The UK Government has unveiled a public consultation which may well see stricter rules placed on the digital giants as the era of the wild-west internet draws to a close.
To date the internet giants have largely been unregulated. This was fine when everyone admired the likes of Google, Facebook and Amazon, though numerous scandals have exposed the darker side of the internet economy. Many might have seen the likes of Mark Zuckerberg and Jeff Bezos as friendly folk, out to democratize technology, though the underlying business model has shocked many, forcing slumbering politicians into action.
Today, the Department of Digital, Culture, Media and Sport and the Home Office have jointly launched a new public consultation on proposals which will aim to introduce a new regulatory body to govern the internet economy and create a ‘duty of care’ mandate to ensure online safety and tackle illegal and harmful activity, as well as creating a rulebook suitable for the digital economy. The new body will have the power to hand out fines should any of the internet players fall short of expectations.
“The era of self-regulation for online companies is over,” said Digital Secretary Jeremy Wright. “Voluntary actions from industry to tackle online harms have not been applied consistently or gone far enough. Tech can be an incredible force for good and we want the sector to be part of the solution in protecting their users. However, those that fail to do this will face tough action.”
The new regulator, and the soon to be created rules, will apply to any company that allows users to share or discover user generated content or interact with each other online. Those platforms who do not meet expectations will either have sites blocked or face significant fines. One of the questions which the consultation will look to answer is whether the new regulatory body should be part of an existing department, or a newly formed body which would be funded through a levy placed on the sales of the internet companies in the UK.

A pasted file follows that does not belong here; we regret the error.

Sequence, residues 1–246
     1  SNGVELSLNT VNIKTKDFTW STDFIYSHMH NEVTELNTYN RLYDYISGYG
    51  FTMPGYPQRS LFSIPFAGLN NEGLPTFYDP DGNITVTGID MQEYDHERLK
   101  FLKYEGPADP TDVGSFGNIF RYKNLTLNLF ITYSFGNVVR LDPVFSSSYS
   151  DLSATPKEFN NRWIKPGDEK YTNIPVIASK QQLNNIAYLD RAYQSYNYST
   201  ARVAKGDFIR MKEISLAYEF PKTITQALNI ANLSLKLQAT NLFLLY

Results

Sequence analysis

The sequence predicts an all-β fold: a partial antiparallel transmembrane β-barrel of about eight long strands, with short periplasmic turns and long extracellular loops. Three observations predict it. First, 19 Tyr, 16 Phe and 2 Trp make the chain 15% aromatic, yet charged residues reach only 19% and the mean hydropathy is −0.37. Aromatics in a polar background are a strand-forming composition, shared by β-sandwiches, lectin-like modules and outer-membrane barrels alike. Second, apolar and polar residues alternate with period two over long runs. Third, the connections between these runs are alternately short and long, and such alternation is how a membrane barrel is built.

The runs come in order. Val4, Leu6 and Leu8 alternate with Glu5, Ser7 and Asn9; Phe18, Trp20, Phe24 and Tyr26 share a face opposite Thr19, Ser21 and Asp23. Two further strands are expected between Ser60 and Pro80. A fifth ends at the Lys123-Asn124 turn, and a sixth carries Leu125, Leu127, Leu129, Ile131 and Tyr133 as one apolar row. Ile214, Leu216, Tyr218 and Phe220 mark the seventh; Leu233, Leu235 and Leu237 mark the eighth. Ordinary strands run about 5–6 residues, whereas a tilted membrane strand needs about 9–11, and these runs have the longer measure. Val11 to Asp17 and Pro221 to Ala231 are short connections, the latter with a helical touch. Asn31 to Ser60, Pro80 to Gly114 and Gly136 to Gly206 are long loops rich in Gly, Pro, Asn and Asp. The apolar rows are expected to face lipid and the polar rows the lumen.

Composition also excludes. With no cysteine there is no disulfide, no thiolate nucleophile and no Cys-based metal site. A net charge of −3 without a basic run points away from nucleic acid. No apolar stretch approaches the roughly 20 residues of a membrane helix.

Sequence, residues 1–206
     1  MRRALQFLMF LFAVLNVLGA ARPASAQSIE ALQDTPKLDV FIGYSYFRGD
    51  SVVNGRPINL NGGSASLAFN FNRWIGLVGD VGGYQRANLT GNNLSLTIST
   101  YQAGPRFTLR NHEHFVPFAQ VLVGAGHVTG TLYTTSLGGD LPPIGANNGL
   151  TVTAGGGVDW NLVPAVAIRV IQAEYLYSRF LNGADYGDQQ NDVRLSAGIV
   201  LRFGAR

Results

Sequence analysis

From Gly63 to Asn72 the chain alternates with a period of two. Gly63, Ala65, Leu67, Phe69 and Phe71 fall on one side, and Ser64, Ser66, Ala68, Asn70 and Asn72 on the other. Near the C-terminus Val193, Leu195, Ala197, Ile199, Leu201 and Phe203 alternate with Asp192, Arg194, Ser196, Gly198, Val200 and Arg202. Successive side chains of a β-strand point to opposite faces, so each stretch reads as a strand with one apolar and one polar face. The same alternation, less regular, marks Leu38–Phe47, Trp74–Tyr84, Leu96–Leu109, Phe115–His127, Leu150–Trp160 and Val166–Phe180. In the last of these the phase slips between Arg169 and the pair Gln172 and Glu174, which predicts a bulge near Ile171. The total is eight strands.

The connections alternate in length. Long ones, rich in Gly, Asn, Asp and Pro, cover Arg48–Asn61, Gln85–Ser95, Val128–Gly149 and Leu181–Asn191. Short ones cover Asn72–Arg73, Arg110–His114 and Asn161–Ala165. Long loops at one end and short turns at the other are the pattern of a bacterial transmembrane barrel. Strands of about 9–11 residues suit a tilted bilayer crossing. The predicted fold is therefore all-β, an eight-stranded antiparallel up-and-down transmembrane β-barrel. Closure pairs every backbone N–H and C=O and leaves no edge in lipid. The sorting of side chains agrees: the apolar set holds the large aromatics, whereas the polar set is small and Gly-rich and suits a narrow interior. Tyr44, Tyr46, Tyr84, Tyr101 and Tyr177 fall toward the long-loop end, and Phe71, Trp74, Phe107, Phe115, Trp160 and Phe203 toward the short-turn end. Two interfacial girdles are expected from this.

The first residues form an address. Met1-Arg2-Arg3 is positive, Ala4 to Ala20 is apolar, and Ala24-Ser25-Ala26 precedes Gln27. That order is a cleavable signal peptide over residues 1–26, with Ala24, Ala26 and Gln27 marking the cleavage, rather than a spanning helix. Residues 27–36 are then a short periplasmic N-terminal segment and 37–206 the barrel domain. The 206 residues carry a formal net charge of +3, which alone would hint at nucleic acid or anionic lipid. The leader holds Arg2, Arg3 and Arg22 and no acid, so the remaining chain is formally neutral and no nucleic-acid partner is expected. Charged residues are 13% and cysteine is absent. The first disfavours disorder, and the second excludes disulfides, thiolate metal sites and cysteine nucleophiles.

While this is a necessary step forward, this is going to be a very complicated process. Creating a mechanism which protects users but also maintains the principles of free speech is a delicate equation to balance. We suspect there will never be a situation where all parties are satisfied, such are the complications when dealing with opinions; who should be the judge on what is offensive and what is acceptable?
Ultimately, this is a move which is long overdue. Social media companies, such as Facebook, have slipped between the regulatory red tape for years, fitting nicely into the grey area between ‘platform’ and ‘publisher’. While these services might have started as a platform, they have certainly evolved beyond that, however, it would not be just to designate them as publishers; they are not content creators as such. A new definition is needed and only then can rules fit for the digital era be created.
Change is on the horizon, and it is unavoidable for the internet economy. That said, the lobby machine will soon be taken up a gear to attempt to minimize the impact of any new rules. Numerous European nations are swiftly moving forward to create more accountability, and the internet players will have to change their game-plan from offensive to damage limitation.
That said, the internet players have been given enough chances to clear up their act over the last few years. These are companies which have operated without the severity of the red-tape restraints of other segments, partly because governments have not understood how these businesses operate, but this era of self-regulation is drawing to a close.
“Despite our repeated calls to action, harmful and illegal content – including child abuse and terrorism – is still too readily available online,” said Home Secretary Sajid Javid.
“That is why we are forcing these firms to clean up their act once and for all.”